379 LGRT C
A key issue in the use of nanomaterials is controlling how they interact with themselves and with the outer world. We take a multidisciplinary approach to this question, bringing together the fields of chemistry, biology, biomedical engineering and biology. Our research program focuses on the tailoring of nanoparticles of surfaces for a variety of applications, coupling the atomic-level control provided by organic synthesis with the fundamental principles of supramolecular chemistry. Using these nanoparticles, we are developing new strategies for biological applications. In one project we Have developed highly efficient tools for the delivery of proteins and nucleic acids into the cytosol, including functional CRISPR gene editing systems. We are currently translating these into effective in vivo systems.
In another project, we are targeting multi-drug-resistant (MDR) bacteria; a rapidly emerging threat to human health causing thousands of deaths each year in the US alone. The emergence of new antibiotic-resistant bacteria is rapidly accelerating, with strains observed that are resistant to all known antibiotics beginning to emerge. In addition to their immunity to antibiotics, pathogenic bacteria are commonly found in biofilms, making the resulting infections particularly difficult to address. Biofilm formation causes persistent diseases and implant-associated infections, for example, the methicillin-resistant Staphylococcus aureus (MRSA) biofilms commonly found in wound infections. In our research we have used self-assembly of polymers to create new constructs that are highly effective against both dispersed and biofilms. These antimicrobials feature low toxicity against mammalian cells (including red blood cells), making them promising as therapeutics for both wound and internal infections.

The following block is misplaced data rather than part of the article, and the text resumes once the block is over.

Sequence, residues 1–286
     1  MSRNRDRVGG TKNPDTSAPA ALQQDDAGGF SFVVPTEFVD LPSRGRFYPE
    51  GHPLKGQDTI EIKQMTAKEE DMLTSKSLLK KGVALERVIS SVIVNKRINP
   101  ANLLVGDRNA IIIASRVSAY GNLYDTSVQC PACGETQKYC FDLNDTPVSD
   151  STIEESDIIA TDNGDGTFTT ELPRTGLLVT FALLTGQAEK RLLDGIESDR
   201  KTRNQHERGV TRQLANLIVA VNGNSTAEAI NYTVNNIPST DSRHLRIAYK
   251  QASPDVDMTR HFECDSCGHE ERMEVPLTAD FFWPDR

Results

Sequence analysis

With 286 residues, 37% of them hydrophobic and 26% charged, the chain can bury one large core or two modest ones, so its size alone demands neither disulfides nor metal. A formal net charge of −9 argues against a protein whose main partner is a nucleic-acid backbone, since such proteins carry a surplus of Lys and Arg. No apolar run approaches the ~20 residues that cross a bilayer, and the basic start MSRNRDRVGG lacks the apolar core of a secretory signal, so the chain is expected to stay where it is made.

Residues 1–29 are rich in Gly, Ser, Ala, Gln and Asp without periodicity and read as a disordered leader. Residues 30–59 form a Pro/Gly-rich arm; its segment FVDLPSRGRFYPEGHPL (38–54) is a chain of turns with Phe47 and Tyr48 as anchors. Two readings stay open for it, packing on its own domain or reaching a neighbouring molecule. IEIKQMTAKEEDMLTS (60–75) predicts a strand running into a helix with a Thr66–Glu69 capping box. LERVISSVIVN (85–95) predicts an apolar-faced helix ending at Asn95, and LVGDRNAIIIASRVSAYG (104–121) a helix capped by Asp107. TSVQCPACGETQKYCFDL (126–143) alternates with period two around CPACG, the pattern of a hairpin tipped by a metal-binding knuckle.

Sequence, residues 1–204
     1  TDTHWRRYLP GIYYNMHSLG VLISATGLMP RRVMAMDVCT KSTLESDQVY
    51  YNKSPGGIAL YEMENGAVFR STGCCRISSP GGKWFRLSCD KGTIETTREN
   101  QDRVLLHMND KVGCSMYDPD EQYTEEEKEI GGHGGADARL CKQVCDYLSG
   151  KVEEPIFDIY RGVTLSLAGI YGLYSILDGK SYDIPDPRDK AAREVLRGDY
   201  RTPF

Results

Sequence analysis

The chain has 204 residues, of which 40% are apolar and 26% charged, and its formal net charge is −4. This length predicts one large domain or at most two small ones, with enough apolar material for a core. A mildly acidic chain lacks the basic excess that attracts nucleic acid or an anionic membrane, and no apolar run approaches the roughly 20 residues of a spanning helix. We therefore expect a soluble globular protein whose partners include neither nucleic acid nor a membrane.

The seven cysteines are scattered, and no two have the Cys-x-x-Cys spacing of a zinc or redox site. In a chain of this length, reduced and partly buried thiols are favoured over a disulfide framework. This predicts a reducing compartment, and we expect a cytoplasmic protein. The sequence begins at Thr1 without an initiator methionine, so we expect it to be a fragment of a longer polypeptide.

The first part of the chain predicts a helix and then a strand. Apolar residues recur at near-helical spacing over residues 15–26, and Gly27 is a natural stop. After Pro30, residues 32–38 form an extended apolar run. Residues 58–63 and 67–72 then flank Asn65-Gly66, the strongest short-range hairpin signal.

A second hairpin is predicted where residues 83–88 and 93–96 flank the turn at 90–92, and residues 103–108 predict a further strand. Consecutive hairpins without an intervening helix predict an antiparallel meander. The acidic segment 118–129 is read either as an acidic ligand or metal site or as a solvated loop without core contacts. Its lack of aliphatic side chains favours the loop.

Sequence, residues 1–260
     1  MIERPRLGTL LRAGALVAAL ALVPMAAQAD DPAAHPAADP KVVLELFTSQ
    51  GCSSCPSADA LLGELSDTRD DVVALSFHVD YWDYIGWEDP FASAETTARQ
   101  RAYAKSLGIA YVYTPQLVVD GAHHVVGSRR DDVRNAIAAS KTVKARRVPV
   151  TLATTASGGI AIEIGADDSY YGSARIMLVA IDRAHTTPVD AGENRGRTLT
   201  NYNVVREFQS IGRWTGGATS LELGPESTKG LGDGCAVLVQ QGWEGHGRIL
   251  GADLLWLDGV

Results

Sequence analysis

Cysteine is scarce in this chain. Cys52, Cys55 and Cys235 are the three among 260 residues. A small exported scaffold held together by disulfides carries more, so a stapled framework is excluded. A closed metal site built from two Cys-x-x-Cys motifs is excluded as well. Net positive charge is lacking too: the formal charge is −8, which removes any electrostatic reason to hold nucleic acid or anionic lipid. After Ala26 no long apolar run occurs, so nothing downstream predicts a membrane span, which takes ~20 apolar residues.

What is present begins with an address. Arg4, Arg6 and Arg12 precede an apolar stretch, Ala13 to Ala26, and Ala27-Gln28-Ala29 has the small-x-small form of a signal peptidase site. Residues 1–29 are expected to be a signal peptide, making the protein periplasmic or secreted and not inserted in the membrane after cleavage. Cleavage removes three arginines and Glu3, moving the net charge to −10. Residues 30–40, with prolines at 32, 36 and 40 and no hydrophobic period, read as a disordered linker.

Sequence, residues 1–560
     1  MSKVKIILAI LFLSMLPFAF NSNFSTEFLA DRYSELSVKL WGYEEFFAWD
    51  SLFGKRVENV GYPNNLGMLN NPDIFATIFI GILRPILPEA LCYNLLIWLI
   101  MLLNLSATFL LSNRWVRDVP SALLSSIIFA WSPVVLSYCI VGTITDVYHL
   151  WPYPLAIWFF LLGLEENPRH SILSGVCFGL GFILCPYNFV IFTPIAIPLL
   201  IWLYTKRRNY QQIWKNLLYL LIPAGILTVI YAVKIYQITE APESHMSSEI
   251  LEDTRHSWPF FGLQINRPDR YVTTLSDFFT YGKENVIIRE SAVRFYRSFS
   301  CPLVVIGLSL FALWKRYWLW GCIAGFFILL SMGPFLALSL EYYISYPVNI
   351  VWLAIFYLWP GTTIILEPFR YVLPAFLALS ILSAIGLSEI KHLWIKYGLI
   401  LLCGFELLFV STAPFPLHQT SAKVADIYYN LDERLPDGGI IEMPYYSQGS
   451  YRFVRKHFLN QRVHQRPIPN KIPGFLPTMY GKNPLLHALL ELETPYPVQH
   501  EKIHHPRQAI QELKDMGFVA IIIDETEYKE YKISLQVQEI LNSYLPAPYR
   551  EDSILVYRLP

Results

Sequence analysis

In a third project, we use the "chemical nose/tongue" approach as a powerful alternative to specific biomarker approaches. In this strategy a sensor array is generated to provide differential interaction with analytes via selective receptors, generating a stimulus response pattern that can be statistically analyzed and used for the identification of individual target analytes and also for profiling of complex mixtures. In our research, we have applied this methodoloy to sensing of proteins, bacteria, and cell surfaces, focusing on areas of biomedical importance. We are using these simple array systems to rapidly diagnose disease. We are also using our use of these systems for cell-surface phenotyping, with applications in the determination of drug mechanisms and in the identification and analysis of cancer stem cells.